Square Nail pours a nice burnt orange colour, which is a good start, but the nose leaves a lot to be desired.  On the tongue you get a nice caramel taste, good maltiness that progresses into a citrussy middle with a relatively bitter finish.  Unfortunately all of these characteristics are only notes, they are very nice notes, but they are a part of a relatively bland melody.  Like a lot of complicated ales, this one struggles for balance, it has a lot of potential but I found that the overall flavour is thin and weak.  It's perfectly refreshing, but I had been hoping for more.  If ever there was a beer to remind you that the whole is more than the sum of its parts, this is it.

It's available at the LCBO in cans as well as at their brewery in Peterborough.

Alc 5.5% IBU 43

Rating 3 steins

What you need to know

Website
http://www.thepublicanhouse.com/

Brewery address
300 Charlotte Street
Peterborough, Ontario
K9J 2V5

Twitter
@PublicanHouse

Facebook
https://www.facebook.com/PublicanHouse

Thursday, June 18, 2015

Great Lakes Brewery Canuck Pale Ale

Pale Ale is such a widely used term that opening a can or bottle can be a bit of a gamble.  Am I going to get something akin to a lager, or something so hoppy it could be used as paint thinner.  A proper pale ale should be decently hoppy, but not over the top, somewhere in the 25-40 IBU range is perfect (for those who pay attention to such things).  Canuck Pale Ale does fall into that bitterness zone, but it leaves you wanting for more.

Usually when I review beers that come in a can or bottle I pour them into a glass but I decided to drink Canuck straight from the can, and when I say I decided not to use a glass I really mean I was too lazy to use a glass.  No matter, right from the can is perfectly acceptable for pale ale and my first sips were decently promising.  It opens with a nice hoppy tongue, punctuated with a bit of malt.  A proper pale ale will surf the malt wave before trailing off into a smooth finish.  Unfortunately Canuck needs to work on it's surfing techniques because it quickly falls of the wave into a watery abyss.  It's  a shame really because this has the potential to be a very nice beer, but it's just not balanced enough.  If the hoppiness was present throughout the beer then it would be excellent, or if the malt would stay longer it would be excellent too, but this just doesn't do it for me.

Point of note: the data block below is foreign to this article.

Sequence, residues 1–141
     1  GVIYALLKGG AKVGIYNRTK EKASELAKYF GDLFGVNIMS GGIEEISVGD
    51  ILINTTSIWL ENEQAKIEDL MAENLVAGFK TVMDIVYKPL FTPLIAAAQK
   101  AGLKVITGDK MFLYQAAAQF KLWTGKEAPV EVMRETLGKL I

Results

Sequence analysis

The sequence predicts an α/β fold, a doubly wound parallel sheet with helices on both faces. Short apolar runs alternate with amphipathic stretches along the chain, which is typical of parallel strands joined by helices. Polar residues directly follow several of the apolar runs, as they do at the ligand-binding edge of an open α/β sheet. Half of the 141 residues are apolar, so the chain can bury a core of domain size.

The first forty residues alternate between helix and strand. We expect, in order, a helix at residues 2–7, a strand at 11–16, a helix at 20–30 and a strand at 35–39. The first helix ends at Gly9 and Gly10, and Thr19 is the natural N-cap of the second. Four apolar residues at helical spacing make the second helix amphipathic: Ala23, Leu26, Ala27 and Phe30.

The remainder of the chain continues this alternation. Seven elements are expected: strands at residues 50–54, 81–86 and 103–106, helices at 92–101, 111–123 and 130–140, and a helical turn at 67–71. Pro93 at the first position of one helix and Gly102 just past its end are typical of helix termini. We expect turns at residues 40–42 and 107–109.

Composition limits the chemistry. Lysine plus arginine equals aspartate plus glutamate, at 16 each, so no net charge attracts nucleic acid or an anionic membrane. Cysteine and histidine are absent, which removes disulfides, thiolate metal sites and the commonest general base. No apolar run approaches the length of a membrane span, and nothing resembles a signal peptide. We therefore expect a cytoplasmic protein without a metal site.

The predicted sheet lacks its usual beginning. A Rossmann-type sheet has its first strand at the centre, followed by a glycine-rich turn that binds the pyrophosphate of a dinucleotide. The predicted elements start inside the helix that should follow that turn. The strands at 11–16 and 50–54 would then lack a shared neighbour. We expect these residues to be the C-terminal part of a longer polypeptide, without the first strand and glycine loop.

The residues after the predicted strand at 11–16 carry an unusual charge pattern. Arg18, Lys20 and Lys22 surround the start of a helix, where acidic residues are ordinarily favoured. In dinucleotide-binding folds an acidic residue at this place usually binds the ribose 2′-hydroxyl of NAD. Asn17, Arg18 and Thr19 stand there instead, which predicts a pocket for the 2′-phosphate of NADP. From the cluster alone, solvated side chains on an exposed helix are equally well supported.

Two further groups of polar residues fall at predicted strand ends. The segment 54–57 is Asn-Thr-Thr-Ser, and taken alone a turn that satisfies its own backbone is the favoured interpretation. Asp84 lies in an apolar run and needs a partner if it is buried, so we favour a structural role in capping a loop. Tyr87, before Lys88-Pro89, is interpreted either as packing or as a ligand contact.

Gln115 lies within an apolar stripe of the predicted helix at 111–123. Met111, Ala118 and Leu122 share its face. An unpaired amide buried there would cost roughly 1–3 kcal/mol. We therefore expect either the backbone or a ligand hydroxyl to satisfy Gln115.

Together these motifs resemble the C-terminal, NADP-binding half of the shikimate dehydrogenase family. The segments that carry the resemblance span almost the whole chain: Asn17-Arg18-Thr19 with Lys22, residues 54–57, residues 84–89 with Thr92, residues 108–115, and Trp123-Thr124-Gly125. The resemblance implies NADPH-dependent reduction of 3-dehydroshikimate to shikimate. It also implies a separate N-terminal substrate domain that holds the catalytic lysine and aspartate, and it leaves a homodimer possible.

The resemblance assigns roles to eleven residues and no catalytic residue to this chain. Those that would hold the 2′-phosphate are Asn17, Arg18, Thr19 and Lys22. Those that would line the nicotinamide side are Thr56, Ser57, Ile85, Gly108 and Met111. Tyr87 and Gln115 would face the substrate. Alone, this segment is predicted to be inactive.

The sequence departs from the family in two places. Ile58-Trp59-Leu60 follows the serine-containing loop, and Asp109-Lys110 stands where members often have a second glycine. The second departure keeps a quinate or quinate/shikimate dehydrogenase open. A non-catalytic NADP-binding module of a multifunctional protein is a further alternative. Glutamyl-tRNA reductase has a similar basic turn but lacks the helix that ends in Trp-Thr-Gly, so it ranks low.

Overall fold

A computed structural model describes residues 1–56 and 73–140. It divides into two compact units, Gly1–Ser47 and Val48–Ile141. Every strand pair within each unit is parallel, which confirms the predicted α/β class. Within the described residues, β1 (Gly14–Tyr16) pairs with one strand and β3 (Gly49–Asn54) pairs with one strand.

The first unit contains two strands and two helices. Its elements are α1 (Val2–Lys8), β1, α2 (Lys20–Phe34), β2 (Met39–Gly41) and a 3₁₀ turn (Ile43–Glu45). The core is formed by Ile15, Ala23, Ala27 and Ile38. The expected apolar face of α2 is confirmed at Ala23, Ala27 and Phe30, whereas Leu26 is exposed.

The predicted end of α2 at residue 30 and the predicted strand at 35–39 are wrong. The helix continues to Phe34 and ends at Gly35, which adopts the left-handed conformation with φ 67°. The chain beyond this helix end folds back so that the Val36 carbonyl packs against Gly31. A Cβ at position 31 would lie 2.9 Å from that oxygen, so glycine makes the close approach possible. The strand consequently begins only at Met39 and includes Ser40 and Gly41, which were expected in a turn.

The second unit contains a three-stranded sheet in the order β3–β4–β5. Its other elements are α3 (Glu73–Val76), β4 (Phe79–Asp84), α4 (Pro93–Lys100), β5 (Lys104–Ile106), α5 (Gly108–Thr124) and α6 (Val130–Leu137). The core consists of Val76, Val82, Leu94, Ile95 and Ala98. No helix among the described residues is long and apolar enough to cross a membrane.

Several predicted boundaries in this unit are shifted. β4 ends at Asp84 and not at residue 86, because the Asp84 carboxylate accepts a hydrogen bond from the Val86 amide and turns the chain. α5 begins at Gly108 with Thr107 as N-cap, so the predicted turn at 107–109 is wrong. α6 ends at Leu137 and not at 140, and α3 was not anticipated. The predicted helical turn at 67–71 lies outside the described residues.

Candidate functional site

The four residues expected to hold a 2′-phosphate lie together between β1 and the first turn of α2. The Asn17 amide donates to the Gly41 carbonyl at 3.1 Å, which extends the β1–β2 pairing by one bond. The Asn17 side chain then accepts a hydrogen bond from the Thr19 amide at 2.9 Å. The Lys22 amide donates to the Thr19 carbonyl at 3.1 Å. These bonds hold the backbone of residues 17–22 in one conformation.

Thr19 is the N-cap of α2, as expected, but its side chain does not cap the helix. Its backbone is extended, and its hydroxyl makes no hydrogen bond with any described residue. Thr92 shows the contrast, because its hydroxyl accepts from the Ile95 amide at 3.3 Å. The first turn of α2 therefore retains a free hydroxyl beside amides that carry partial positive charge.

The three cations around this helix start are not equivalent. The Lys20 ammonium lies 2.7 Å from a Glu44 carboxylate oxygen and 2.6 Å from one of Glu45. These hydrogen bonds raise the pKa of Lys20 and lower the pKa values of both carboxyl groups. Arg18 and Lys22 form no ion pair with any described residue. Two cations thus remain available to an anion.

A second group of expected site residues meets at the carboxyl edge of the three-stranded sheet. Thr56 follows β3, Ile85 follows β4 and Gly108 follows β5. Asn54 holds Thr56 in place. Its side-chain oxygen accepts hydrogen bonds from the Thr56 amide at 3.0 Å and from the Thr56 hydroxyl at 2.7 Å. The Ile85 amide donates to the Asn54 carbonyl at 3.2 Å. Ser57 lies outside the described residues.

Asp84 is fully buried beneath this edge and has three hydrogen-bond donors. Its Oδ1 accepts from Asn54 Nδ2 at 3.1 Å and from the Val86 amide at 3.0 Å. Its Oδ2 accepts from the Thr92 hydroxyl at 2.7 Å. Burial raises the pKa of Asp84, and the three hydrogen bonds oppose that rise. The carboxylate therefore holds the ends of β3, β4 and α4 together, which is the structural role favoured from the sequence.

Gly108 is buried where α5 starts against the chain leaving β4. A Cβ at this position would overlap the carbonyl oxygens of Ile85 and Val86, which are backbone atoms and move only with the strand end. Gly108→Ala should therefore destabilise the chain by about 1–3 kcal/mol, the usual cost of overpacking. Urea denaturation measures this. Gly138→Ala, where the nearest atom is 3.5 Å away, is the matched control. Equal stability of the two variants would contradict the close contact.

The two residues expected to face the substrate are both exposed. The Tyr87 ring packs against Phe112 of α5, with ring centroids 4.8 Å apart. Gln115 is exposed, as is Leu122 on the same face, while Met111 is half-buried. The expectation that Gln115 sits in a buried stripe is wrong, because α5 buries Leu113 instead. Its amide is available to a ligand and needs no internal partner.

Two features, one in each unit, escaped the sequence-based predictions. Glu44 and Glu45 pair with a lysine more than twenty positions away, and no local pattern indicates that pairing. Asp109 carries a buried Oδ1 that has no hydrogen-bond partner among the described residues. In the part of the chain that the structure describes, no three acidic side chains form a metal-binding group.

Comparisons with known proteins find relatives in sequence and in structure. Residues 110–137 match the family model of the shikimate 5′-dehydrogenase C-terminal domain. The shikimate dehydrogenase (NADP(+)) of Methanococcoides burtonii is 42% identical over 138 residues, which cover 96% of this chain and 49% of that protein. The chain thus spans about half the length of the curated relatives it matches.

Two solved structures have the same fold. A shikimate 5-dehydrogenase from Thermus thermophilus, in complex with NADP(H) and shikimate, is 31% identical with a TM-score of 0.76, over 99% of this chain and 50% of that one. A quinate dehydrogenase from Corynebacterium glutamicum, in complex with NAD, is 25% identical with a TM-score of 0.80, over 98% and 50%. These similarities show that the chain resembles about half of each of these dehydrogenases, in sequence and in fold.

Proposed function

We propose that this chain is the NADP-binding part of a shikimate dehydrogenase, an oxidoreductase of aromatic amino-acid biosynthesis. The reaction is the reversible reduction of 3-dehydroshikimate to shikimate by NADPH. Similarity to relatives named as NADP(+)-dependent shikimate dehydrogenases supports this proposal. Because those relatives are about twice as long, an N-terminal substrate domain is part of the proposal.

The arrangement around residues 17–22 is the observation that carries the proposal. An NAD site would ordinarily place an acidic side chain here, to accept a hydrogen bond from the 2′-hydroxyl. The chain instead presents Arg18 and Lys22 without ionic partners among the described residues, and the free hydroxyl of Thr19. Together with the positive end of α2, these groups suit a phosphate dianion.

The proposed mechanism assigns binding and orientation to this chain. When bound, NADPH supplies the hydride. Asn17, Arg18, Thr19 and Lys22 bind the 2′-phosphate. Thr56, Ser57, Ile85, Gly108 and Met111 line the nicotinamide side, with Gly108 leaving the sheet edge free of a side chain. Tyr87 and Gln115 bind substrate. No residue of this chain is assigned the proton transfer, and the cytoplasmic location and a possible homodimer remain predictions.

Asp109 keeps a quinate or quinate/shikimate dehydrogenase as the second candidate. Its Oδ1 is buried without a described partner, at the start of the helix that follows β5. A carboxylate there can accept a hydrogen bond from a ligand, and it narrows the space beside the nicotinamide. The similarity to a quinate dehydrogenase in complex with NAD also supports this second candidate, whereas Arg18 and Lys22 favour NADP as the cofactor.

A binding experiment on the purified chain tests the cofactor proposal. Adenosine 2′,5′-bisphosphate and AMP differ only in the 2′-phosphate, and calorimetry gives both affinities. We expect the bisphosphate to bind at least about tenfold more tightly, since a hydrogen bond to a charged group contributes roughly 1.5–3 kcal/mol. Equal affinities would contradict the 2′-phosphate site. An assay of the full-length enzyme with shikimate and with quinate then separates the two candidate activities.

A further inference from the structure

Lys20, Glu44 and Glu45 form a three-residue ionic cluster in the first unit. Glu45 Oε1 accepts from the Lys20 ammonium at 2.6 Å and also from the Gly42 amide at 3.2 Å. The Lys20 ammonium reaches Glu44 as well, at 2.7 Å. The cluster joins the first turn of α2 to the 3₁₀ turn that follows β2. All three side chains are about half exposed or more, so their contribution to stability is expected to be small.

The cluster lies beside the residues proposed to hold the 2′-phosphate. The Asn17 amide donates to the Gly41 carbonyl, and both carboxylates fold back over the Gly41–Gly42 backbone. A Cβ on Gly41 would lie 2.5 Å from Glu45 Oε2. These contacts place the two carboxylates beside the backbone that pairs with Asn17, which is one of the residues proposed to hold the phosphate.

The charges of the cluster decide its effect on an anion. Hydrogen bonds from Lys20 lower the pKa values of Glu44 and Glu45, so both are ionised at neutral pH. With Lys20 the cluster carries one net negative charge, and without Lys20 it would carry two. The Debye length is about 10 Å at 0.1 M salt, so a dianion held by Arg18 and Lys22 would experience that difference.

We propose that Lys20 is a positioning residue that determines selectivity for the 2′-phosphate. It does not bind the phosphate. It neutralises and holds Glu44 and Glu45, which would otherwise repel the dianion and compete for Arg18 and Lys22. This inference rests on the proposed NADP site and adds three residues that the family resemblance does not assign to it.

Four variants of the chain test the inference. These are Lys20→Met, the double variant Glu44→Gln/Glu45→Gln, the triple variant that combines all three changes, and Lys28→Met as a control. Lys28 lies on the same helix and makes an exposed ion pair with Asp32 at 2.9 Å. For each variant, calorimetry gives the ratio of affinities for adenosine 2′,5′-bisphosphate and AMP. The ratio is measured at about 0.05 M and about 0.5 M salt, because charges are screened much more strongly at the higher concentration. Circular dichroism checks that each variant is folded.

It's available in cans at the LCBO and Beer Store in Ontario as well as at their brewery in Etobicoke.

Alc. 5.2% IBU 35

Rating 2.5 Steins

What you need to know

Website
http://greatlakesbeer.com/

Address
30 Queen Elizabeth Blvd
Etobicoke, Ontario M8Z 1L8

Twitter
@greatlakesbeer

Facebook
https://www.facebook.com/GreatLakesBeer

Friday, June 12, 2015

Big Rig: Release the hounds, Black IPA

I love black ales, and I find that a lot of IPA's can be over-hoppy, so when Big Rig came out with a Black IPA I was intrigued.  Will this be bitter like an imperial stout, or will it be smoother like a black lager?  The answer is something in the middle that is a brilliantly balanced brew.  I have to admit that this is not the first time I have had Big Rig's Black IPA, the first time I had it was at their brewpub about a years ago when it was a seasonal and I thought it was excellent so I tweeted to them saying it should become a regular beer, and it has since become a regular on their menu.  I am not going to claim responsibility for the decision, but in my (occasionally delusional) mind I think I had a part to play. 

It pours almost black, more of an extremely dark brown with a decently creamy head.  The first sip produces a delightfully malty flavour, something akin to a light stout such as Guinness, but the texture feels definitely like an IPA.  This nutty/malty intro fades into a hoppy (but not too hoppy) middle, followed by a nice smooth finish.  This hoppiness is as hoppy as a proper IPA should be, which is to say that the hops are perfectly noticeable but they are but one piece of the overall puzzle, as opposed to overwhelming the beer the way some IPA's do.  I really like this beer, it is well balanced, flavourful, and perfectly drinkable for a 6.2% dark beer.  Big Rig have a large range of beers, but their Black IPA is a real winner, probably my favourite of their range.

It's available at their 3 brewpubs in Ottawa on draught and in growlers to take home.  It's also sold at the LCBO in cans.

Rating: 4.5 steins